Saturday, March 26, 2005

How Do I Love Thee, You Bitch Goddess Basketball? The Better Question is Always Why.

I wonder if Sophocles cared who brought home Olympic laurel?

That's really not the right question. If your city-state is menaced, currently or potentially, by other city states, it would have to be comforting to think your lithe young men are lither, faster, more powerful, more belligerent, craftier than the young men of your rivals, the idea being let's hope those war-like characteristics are present in the general population. If your guys got game, then maybe those darn Spartans will back off. I see why athletic contests between states might carry weight with even the most disinterested intellectual since that disinterest -- by which I mean a spirit of objectivity -- naturally means you acknowledge the undeniable fact physical prowess really does matter. That is, it mattered in a day when victory in combat down in the mud and the blood depended on stamina of the warrior and strength of the sword arm, contests of physical skill really would cast a shadow.

Last century America wanted its athletes to best the Soviet athletes in Olympic and other international competition, though the connection between Olympic gold and the ability to kill your opponent on the modern battlefield has all but disappeared. The anxiety that there is a decisive connection is an anachronism, but one you can understand.

Still, my evocation of Sophocles did not advance my point. Better to jump to my real question. Yesterday Duke University lost in the NCAA basketball tournament, and I was momentarily but genuinely distressed. This reaction was not irrational. I got my graduate degrees from Duke and if a university is academically distinguished, athletic success arguably enhances the university's general reputation. If you can promote physical excellence without diluting your academic excellence, each facet highlights the other. I'm not saying Duke is some paragon of multiple excellence. Keep in mind its football team is terrible. Also, the Ivy League schools flaunt their lack of commitment to success in athletics. Their fumbling and stumbling on the playing field highlights their high academic standards -- or so they argue. All I'm saying is it's understandable that I find pleasure when Duke wins and wince a little when Duke loses. It makes a kind of sense. May we imagine Hamlet wanting Heidelberg to do well in the Pan-Hun fencing competitions?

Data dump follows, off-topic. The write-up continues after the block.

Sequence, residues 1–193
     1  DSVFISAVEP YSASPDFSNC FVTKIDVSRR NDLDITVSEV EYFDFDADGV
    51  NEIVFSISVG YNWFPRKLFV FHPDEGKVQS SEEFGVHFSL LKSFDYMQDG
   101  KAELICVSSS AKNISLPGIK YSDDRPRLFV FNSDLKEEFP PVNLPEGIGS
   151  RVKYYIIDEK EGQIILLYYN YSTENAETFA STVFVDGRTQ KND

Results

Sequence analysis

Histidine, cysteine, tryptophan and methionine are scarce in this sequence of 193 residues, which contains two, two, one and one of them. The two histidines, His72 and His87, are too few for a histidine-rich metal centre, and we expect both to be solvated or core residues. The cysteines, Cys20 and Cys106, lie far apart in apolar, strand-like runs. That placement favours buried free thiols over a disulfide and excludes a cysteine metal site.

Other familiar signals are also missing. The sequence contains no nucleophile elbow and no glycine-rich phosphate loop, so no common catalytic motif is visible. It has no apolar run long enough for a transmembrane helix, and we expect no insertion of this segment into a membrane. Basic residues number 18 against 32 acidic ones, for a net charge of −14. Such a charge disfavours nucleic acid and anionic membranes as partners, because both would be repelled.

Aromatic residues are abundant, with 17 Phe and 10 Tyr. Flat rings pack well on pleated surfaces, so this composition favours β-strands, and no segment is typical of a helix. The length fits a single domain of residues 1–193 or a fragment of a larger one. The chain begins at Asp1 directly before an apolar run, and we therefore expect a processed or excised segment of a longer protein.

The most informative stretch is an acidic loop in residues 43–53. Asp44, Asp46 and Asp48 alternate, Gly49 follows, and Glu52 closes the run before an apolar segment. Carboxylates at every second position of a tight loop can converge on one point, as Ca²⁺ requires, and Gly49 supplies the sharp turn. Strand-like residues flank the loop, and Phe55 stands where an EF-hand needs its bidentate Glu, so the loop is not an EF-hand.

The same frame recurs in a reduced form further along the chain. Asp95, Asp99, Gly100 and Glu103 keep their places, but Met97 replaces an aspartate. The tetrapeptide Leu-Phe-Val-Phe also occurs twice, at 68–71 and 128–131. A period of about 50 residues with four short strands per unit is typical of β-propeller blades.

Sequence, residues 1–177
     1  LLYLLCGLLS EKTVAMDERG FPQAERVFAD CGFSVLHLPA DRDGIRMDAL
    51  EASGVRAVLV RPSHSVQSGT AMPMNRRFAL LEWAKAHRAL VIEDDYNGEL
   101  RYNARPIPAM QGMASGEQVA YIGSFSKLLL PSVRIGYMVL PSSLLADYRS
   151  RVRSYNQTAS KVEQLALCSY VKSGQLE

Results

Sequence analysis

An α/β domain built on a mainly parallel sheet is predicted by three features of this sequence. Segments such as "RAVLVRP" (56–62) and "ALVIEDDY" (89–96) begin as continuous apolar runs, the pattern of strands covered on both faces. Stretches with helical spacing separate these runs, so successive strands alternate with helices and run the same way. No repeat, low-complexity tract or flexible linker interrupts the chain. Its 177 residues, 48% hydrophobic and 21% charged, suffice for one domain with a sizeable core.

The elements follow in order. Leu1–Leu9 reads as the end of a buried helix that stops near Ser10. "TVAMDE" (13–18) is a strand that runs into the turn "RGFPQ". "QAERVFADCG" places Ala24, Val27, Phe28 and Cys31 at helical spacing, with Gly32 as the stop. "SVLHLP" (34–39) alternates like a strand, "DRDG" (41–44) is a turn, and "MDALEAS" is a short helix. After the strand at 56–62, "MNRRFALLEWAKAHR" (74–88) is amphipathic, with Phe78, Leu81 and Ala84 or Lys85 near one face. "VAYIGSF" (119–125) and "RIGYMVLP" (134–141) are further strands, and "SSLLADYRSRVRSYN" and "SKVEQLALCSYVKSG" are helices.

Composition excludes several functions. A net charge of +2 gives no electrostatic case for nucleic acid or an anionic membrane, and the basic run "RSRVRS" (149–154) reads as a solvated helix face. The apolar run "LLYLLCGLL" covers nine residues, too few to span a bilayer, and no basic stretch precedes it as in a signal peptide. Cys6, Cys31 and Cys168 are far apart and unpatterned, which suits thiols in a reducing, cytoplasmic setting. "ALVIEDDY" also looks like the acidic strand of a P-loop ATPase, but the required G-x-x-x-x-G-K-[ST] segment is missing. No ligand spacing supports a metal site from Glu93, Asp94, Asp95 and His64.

So far, so good. But why did I also feel a spasm of discomfort when North Carolina State University lost yesterday. Yes, I taught there while I was finishing my degree at Duke and for three years after. But it's the school at which to my great surprise I was told one bleak November afternoon more than 30 years ago that my three-year term position was "terminal"; that is, I was not going to be given an additional teaching contract and be considered for a tenured faculty position. This decision -- which I did not see coming, so secure was I in my own sense of personal excellence -- changed my life. I left academia. I became a journalist. Things have worked out well enough and maybe more than well enough. But I have never given up being vaguely pissed off.

Yet the power of athletic affiliation! You might think I would delight in Wolfpack defeat. But, no. I remember -- my blood seems to remember -- when I was a member of the tribe, how it was to sit by the fire and tear the meat from the bones as it was passed around. Or something. How mysterious is partisan feeling.

Perhaps it's an evolutionary mechanism. Those with a predisposition toward finding community and uncritically supporting that community are perhaps more likely to find a community that will tolerate them in return, and thus they survive and pass on their genes. Mad Max aka The Road Warrior dies in the wilderness alone. This tendency seems capable of almost exponential growth. My god the number of competitions we invest our interest in without quite knowing why. If you stop and think about it, such uncritical support for so many miscellaneous affinity groups is close to ugly and not a little frightening.

At this time of year it's also basketball.

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